The Story of Mission-Based Lending

Housing affordability has long been a major issue in the United States, especially for low- and moderate-income (LMI) renters, including seniors, the disabled, and others on fixed incomes. A lack of affordable housing options often means that LMI individuals and families – with incomes between 50 and 80 percent of area median income – must spend a large percentage of their take-home pay on housing, leaving them less able to afford food, healthcare and other necessities. With millions of homes expected to go into foreclosure over the next few years, an ample supply of affordable multifamily rental housing is more crucial than ever.

Mission-driven, blue-chip, multifamily affordable housing lenders serving areas as diverse as New York, Alabama, Massachusetts, California, and the Carolinas have stepped up to help address this affordability challenge, and have for decades made mortgages on buildings that LMI families are proud to call home. Capitalized by insured depository institutions, these lenders provide financing for multifamily apartment complexes across the nation, buildings often developed by independent “Ma and Pa” developers who live in the communities they build in.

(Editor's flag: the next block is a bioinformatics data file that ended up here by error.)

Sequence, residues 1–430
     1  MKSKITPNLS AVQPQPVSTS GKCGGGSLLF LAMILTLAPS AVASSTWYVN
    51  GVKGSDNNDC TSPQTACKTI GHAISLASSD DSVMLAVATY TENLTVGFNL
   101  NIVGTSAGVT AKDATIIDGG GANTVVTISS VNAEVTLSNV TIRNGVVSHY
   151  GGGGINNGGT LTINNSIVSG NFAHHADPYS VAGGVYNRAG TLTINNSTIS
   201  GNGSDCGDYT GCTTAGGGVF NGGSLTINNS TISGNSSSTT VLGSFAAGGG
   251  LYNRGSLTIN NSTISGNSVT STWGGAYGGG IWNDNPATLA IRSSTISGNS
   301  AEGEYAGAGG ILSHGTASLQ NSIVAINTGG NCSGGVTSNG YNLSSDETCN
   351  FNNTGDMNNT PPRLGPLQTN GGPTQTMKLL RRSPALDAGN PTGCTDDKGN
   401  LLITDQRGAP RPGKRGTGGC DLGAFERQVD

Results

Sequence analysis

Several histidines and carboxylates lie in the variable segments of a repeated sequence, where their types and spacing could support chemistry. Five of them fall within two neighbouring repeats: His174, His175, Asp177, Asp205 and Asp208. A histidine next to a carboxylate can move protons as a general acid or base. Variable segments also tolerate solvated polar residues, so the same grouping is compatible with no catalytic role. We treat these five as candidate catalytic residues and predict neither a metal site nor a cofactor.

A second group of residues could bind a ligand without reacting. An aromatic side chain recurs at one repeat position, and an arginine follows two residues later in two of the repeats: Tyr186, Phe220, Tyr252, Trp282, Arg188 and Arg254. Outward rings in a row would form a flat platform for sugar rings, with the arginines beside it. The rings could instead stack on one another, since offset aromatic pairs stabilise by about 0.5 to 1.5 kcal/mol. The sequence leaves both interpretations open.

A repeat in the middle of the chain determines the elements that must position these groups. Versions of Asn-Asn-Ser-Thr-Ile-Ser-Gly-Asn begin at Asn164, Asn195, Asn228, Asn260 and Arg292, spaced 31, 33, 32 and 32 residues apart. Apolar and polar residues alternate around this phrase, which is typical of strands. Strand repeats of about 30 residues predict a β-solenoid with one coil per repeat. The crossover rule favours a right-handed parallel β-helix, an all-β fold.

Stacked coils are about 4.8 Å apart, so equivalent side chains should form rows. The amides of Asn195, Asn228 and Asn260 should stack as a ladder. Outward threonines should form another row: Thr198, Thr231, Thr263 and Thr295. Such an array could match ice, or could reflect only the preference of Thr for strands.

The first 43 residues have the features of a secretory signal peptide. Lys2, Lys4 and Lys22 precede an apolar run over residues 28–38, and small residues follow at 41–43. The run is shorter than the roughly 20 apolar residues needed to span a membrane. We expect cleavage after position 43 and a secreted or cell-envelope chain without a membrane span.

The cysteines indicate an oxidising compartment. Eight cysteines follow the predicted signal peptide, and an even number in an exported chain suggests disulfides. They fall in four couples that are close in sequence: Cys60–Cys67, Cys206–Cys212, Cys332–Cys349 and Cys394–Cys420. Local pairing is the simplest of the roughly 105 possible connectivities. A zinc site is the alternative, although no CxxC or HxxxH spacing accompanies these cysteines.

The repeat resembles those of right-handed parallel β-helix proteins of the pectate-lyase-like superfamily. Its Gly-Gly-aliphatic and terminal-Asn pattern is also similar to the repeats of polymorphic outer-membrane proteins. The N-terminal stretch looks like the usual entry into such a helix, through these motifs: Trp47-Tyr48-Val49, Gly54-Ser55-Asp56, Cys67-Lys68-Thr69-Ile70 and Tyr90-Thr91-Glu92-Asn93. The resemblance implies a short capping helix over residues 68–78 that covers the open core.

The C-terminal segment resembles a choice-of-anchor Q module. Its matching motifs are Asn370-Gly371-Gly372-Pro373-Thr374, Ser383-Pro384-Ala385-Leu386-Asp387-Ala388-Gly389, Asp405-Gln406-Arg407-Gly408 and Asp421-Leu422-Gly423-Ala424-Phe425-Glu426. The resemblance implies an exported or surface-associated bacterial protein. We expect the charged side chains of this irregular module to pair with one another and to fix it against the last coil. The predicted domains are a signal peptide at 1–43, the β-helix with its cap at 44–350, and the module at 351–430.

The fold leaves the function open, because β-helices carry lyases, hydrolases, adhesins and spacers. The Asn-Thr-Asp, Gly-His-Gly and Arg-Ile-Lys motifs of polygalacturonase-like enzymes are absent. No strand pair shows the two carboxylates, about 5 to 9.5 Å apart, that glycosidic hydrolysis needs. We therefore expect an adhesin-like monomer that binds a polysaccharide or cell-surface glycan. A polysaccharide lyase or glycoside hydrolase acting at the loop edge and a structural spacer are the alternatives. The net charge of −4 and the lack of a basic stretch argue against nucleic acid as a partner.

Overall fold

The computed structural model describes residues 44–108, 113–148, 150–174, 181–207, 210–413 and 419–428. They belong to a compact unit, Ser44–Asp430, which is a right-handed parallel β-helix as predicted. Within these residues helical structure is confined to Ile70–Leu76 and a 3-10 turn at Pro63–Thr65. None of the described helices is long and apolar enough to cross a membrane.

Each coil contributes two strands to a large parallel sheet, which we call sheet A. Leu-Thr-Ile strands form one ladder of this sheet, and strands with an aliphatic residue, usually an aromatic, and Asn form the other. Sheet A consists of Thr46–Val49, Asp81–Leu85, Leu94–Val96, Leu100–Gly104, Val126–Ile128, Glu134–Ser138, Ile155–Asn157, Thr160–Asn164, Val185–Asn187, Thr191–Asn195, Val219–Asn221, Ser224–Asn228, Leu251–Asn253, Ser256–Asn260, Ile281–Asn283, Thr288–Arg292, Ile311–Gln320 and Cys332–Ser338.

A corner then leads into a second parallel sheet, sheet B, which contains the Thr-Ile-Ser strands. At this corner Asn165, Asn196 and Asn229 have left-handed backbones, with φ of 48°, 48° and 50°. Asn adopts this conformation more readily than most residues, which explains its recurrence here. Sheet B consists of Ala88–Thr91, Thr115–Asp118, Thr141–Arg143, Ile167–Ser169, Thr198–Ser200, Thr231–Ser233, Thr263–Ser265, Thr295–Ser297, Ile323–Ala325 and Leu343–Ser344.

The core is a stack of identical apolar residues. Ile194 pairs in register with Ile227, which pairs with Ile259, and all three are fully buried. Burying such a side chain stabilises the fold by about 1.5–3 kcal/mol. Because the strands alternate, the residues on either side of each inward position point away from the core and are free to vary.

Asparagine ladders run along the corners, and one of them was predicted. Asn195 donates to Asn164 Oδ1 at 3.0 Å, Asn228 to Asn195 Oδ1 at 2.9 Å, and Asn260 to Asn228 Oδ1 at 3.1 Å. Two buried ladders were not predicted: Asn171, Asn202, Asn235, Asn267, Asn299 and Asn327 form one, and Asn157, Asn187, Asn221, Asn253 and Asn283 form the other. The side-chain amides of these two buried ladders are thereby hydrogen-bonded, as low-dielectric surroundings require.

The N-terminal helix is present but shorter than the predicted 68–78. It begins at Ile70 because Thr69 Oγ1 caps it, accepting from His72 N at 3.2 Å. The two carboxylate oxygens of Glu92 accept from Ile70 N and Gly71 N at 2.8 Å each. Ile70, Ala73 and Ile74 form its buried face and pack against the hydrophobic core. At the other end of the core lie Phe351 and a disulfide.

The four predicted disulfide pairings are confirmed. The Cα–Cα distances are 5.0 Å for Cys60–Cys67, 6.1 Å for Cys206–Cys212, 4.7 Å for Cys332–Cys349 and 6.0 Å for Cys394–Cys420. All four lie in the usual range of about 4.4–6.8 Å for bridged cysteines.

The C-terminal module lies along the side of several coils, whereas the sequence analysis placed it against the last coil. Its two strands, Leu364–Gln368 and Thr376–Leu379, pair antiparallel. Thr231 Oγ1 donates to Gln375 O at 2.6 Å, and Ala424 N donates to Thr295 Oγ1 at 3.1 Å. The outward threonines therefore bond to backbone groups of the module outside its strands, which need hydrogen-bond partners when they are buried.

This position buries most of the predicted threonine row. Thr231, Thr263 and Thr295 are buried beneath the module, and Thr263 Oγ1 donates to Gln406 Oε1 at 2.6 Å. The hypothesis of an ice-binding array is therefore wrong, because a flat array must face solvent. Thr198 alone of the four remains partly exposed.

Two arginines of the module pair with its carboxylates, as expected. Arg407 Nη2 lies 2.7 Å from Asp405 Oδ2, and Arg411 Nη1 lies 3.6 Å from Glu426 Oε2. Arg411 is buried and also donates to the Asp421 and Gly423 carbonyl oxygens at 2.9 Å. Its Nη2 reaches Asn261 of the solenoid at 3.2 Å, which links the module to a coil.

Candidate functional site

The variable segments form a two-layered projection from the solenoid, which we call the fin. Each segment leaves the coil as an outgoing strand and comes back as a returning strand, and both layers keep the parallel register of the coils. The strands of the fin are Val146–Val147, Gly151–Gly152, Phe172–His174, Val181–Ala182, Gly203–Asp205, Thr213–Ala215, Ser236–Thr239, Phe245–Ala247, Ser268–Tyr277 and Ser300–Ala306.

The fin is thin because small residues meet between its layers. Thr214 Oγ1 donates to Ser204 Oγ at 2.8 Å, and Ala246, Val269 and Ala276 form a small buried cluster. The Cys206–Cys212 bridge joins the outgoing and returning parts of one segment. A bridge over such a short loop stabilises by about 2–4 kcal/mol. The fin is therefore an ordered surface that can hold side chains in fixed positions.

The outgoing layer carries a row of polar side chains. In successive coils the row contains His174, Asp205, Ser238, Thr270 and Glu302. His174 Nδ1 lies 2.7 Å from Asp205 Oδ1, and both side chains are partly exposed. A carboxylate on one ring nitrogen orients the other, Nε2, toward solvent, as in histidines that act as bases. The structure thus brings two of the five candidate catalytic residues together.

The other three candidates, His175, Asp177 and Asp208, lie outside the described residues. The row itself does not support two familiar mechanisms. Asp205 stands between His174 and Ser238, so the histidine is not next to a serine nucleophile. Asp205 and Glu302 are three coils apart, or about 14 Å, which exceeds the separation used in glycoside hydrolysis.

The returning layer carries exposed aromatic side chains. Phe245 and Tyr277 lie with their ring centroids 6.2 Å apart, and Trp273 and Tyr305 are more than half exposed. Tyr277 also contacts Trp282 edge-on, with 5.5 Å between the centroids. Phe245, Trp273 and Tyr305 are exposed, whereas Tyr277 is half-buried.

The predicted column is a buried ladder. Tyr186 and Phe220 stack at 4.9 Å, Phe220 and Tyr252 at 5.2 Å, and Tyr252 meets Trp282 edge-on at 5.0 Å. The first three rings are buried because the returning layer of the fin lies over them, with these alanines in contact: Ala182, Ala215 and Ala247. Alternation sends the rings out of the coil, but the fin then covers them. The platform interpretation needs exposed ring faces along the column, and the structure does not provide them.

Many of the mission-based lenders are 501(c)(3) nonprofits, and others are for-profits; all have financed the construction or substantial rehabilitation of thousands of homes, with 97 percent of the units affordable to LMI renters. These lenders are at the forefront of financing affordable and sustainable housing for LMI individuals. They have successful track records of pooling private capital to finance the expansion of affordable rental housing. These mission-based lenders are making loans which are the building blocks of community development, often expertly combining multiple Federal subsidy programs such as Low Income Housing Tax Credits (LIHTCs), Community Development Block Grants (CDBGs), and the HOME program.

These lenders are not only addressing the affordable housing shortage; many also finance the construction of new schools, community centers, theaters, libraries, and mixed-used developments – all of which help to revitalize LMI communities and underserved areas.